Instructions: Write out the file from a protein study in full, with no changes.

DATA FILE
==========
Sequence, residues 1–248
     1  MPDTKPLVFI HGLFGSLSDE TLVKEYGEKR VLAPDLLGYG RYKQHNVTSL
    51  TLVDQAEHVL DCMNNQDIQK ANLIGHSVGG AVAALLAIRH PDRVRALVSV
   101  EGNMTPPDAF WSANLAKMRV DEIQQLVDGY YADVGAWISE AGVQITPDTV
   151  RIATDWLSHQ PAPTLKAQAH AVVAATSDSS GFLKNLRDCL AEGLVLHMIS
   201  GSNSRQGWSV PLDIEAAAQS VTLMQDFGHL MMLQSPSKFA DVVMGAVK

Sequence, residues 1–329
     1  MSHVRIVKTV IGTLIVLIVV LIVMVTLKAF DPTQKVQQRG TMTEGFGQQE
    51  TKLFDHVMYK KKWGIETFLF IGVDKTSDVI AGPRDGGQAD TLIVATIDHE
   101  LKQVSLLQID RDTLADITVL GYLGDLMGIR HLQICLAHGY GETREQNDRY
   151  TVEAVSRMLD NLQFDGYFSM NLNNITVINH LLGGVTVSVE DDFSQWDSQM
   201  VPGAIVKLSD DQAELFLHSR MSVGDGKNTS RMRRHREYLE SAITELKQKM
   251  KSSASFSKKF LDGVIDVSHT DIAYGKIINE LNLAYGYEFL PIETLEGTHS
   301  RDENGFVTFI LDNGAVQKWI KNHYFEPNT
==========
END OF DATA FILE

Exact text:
Sequence, residues 1–248
     1  MPDTKPLVFI HGLFGSLSDE TLVKEYGEKR VLAPDLLGYG RYKQHNVTSL
    51  TLVDQAEHVL DCMNNQDIQK ANLIGHSVGG AVAALLAIRH PDRVRALVSV
   101  EGNMTPPDAF WSANLAKMRV DEIQQLVDGY YADVGAWISE AGVQITPDTV
   151  RIATDWLSHQ PAPTLKAQAH AVVAATSDSS GFLKNLRDCL AEGLVLHMIS
   201  GSNSRQGWSV PLDIEAAAQS VTLMQDFGHL MMLQSPSKFA DVVMGAVK

Sequence, residues 1–329
     1  MSHVRIVKTV IGTLIVLIVV LIVMVTLKAF DPTQKVQQRG TMTEGFGQQE
    51  TKLFDHVMYK KKWGIETFLF IGVDKTSDVI AGPRDGGQAD TLIVATIDHE
   101  LKQVSLLQID RDTLADITVL GYLGDLMGIR HLQICLAHGY GETREQNDRY
   151  TVEAVSRMLD NLQFDGYFSM NLNNITVINH LLGGVTVSVE DDFSQWDSQM
   201  VPGAIVKLSD DQAELFLHSR MSVGDGKNTS RMRRHREYLE SAITELKQKM
   251  KSSASFSKKF LDGVIDVSHT DIAYGKIINE LNLAYGYEFL PIETLEGTHS
   301  RDENGFVTFI LDNGAVQKWI KNHYFEPNT